A B-1B Lancer takes off in support Operation Odyssey Dawn from Ellsworth
Air Force Base, S.D., March 27, 2011. This mission marked the first
time the B-1 fleet has launched combat sorties from the continental
United States to strike targets overseas.
U.S. Air Force photo/Staff Sgt. Marc I. Lane
A bomber that i always loved but i never talk too much about it.
The Rockwell B-1B Lancer is a supersonic heavy strategic bomber with four engines and variable sweep wings , it was initially planned to replace the B-52 Stratofortress but in 1986 it entered service as a nuclear bomber with the Gulf War, the B-1B was converted for conventional bombing use. It is expected that the B-1 continues to fly all the way into 2030s.
A U.S. Air Force B-1B Lancer assigned to the 9th Expeditionary Bomb Squadron, deployed from Dyess Air Force Base, Texas, arrives Feb. 6, 2017, at Andersen AFB, Guam. The 9th EBS is taking over U.S. Pacific Command’s Continuous Bomber Presence operations from the 34th EBS, assigned to Ellsworth Air Force Base, S.D. This marks the second deployment of B-1s to Guam in over a decade. The first deployment of B-1s arrived in August 2016 and took over CBP operations from the B-52 Stratofortress bomber squadrons from Minot AFB, N.D., and Barksdale AFB, La. (U.S. Air Force photo by Tech. Sgt. Richard P. Ebensberger)
Today, i’m bringing you a plane that’s been around for while, well, this “while” is 62 years, today, the photo series is about the Boeing B-52 Stratofortress or BUFF (Big Ugly Fat Fucker).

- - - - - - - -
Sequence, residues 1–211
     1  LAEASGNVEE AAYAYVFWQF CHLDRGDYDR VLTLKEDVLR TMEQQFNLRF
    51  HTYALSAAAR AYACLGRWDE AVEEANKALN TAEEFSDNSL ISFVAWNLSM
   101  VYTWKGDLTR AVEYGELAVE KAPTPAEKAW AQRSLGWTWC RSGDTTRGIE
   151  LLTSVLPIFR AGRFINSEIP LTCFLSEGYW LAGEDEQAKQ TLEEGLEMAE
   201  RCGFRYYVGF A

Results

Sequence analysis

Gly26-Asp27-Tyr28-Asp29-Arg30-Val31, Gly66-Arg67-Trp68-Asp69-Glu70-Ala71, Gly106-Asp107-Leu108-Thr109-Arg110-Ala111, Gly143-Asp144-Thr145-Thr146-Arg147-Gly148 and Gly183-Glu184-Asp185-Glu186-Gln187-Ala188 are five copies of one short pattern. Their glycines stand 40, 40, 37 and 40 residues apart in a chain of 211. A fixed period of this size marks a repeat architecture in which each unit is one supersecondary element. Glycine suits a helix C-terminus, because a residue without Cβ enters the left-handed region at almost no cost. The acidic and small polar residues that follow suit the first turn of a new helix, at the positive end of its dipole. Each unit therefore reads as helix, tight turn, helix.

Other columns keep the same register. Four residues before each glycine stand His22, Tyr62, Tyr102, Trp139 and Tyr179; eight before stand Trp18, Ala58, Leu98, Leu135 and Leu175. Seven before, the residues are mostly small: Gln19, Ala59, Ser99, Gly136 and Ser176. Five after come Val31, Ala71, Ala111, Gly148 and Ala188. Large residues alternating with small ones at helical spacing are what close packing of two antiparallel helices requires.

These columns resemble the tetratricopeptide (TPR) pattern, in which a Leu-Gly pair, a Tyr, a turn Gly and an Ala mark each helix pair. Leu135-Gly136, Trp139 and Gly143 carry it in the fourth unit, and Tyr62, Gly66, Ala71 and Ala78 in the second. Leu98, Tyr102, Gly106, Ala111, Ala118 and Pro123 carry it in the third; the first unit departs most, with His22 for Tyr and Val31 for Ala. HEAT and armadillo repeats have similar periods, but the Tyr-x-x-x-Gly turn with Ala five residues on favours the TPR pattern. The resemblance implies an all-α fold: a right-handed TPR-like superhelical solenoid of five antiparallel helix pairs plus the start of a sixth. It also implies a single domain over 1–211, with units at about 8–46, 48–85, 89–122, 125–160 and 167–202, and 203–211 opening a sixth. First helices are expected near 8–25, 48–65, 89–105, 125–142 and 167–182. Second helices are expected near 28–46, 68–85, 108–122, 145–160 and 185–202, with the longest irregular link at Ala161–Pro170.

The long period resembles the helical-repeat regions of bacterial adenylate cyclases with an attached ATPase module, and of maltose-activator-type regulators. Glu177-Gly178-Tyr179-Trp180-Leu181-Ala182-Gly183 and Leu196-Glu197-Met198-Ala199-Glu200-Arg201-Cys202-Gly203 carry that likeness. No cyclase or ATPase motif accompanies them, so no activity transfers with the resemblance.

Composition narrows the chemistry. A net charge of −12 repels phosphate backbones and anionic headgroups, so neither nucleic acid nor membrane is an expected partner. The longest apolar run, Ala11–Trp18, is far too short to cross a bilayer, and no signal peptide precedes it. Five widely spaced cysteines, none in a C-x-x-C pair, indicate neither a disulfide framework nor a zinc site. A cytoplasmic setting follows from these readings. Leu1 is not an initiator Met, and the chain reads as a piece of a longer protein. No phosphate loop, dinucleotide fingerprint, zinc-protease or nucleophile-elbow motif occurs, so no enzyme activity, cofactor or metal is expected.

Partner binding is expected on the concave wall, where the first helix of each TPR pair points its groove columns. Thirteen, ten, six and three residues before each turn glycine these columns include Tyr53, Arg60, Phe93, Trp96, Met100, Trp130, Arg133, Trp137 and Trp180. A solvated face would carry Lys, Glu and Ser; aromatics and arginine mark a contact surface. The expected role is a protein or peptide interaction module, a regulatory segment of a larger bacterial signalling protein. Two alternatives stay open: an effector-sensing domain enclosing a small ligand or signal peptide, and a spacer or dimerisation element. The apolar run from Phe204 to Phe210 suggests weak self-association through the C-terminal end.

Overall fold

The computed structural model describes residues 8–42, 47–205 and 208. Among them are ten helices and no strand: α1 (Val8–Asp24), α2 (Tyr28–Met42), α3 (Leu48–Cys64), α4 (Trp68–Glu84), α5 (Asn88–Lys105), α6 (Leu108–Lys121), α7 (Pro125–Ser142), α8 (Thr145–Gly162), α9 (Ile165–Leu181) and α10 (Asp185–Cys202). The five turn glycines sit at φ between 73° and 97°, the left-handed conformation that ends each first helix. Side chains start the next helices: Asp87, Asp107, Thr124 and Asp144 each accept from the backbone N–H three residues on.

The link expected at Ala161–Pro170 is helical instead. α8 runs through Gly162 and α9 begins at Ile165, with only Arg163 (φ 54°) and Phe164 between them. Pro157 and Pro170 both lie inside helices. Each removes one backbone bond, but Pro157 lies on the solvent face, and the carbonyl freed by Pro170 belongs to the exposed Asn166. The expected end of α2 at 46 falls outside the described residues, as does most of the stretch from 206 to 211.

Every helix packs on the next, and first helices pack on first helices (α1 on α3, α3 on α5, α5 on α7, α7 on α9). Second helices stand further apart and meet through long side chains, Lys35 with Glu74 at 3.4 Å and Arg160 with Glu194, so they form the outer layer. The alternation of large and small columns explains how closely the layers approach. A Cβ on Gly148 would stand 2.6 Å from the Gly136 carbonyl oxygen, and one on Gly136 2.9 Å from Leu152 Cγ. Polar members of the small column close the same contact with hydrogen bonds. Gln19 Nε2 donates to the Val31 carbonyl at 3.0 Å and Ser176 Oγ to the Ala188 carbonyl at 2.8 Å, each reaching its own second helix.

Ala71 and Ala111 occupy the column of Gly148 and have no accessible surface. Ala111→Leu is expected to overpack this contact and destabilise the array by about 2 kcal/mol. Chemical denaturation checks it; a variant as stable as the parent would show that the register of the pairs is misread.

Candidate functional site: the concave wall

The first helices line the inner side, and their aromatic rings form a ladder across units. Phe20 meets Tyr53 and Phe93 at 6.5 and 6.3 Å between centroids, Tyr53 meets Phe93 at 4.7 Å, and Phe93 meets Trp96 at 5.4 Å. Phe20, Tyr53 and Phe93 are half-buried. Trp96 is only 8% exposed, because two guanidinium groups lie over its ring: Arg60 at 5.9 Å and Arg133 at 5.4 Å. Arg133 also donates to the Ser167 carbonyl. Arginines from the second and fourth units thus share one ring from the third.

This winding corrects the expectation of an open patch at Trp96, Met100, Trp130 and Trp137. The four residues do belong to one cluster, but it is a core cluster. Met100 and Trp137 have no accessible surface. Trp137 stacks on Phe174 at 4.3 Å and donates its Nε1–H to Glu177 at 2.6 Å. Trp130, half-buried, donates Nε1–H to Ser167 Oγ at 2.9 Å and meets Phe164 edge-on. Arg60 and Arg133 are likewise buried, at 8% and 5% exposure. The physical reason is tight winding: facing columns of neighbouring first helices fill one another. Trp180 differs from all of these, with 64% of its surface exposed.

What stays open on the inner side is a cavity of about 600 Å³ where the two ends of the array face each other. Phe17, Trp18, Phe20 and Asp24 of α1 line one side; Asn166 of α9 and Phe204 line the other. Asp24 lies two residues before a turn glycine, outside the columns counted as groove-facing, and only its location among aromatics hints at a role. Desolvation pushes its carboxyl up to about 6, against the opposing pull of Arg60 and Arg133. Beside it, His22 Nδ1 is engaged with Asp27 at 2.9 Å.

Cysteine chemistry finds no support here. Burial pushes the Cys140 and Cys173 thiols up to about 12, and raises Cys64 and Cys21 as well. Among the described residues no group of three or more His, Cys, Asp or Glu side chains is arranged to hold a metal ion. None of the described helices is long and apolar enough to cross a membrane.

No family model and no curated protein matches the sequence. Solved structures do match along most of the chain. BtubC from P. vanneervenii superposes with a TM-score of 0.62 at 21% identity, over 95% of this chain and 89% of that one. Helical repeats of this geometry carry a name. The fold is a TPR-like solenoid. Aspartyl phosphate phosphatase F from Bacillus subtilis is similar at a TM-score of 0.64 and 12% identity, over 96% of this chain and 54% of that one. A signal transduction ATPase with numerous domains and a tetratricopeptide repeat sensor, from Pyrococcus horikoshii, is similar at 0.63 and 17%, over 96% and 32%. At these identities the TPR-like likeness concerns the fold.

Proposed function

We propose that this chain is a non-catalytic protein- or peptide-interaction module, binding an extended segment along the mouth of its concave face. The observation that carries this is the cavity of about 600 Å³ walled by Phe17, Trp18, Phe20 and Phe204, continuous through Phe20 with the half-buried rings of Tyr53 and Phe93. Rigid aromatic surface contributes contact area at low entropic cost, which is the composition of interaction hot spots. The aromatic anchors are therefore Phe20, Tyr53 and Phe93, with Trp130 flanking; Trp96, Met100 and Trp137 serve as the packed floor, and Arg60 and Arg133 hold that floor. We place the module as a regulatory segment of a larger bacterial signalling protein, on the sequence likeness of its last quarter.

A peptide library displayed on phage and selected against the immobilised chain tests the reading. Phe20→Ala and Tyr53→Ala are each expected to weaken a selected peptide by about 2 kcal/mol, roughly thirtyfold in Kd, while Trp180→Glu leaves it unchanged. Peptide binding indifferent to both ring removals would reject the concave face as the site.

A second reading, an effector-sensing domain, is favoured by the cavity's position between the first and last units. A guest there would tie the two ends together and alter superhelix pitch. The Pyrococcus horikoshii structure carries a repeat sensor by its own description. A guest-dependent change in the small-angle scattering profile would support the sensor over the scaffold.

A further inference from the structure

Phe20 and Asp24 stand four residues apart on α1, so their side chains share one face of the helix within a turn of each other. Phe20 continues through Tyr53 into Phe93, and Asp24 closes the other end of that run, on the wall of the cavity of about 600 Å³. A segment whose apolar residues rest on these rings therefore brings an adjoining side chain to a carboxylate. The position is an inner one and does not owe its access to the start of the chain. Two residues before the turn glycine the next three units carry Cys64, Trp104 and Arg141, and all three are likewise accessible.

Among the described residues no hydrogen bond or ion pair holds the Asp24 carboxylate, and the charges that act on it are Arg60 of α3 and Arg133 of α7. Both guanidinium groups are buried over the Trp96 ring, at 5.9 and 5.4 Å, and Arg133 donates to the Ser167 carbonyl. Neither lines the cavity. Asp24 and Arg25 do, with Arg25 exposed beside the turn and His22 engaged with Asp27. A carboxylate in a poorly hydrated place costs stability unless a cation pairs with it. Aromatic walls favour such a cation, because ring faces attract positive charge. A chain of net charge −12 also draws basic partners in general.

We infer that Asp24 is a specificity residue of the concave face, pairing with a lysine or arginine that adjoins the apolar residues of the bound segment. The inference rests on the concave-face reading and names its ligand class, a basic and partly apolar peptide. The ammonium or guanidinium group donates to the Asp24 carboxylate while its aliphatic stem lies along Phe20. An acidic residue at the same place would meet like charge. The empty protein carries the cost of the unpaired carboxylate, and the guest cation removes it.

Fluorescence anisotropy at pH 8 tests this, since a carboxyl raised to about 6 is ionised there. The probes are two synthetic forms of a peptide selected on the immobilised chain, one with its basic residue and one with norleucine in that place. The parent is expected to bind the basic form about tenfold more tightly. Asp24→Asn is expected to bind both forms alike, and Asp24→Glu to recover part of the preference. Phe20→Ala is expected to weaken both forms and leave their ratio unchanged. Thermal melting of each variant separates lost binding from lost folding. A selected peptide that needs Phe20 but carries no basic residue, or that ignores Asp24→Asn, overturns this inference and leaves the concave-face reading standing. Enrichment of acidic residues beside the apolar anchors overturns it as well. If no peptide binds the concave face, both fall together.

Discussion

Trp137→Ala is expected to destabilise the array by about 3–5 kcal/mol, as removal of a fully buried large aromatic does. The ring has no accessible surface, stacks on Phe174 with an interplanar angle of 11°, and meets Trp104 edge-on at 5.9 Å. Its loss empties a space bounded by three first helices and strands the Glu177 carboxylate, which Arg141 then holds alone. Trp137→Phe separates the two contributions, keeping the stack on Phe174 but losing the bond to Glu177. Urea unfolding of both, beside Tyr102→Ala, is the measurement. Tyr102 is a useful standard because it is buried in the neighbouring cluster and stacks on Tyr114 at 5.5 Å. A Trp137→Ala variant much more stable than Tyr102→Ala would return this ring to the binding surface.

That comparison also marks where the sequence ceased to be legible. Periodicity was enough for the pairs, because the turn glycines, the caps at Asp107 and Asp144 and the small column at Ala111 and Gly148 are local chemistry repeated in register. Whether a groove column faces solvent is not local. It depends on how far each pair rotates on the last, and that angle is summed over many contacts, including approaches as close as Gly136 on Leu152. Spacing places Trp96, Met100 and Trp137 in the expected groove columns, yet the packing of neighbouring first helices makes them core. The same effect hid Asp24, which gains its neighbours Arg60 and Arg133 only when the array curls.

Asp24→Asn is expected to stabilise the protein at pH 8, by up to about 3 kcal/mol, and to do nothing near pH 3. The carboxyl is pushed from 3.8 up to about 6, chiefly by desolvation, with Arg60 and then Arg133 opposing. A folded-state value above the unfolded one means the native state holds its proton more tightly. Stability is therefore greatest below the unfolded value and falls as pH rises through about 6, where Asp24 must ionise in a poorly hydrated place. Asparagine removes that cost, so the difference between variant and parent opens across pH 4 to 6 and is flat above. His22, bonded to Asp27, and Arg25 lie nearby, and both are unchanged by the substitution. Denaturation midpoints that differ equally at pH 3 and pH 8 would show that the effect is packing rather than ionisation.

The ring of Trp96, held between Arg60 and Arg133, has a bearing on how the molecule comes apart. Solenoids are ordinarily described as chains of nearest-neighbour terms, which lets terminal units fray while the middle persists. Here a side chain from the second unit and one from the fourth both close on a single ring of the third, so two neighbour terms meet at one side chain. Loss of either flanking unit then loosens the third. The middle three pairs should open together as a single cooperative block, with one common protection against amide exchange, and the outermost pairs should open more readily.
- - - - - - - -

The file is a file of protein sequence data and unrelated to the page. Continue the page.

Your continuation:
Photo series #5
Built in the 1950s with nuclear carrying capabilities, the B-52 replaced the Convair B-36 Peacemaker. Although it is a veteran of the USAF, it never got the chance to use it’s nuclear arsenal, all mission flown up to date has been for conventional bombing.
Because of it’s age, the US have made multiple attempts to replace it but the low operating costs and high subsonic performance has kept it in service, some of the planes that were tested as a replacement were the B-70 (cancelled program which gave way to the XB-70 Valkyrie), Rockwell B-1 Lancer and the Northrop B-2 Spirit, the last ones now are in service alongside the B-52.
The latest version of it is the B-52H with several upgrades done and more on the way, the BUFF is expected to stay in service all the way into 2040s.
One of the most impressive incidents with B-52H happened in January 10, 1964, when a testbed for structural integrity investigation lost it’s entire vertical stabilizer and continued flying after a severe turbulence, the plane landed safely.
With it’s eight
Pratt & Whitney TF33-P-3 turbofans, a wide array of weapons and a great service record, the B-52 will continue to soar over the battlefield for a long time.
If you have any suggestions, contributions or want to send a entire photo series, don’t be shy, send them to me and i’ll upload them!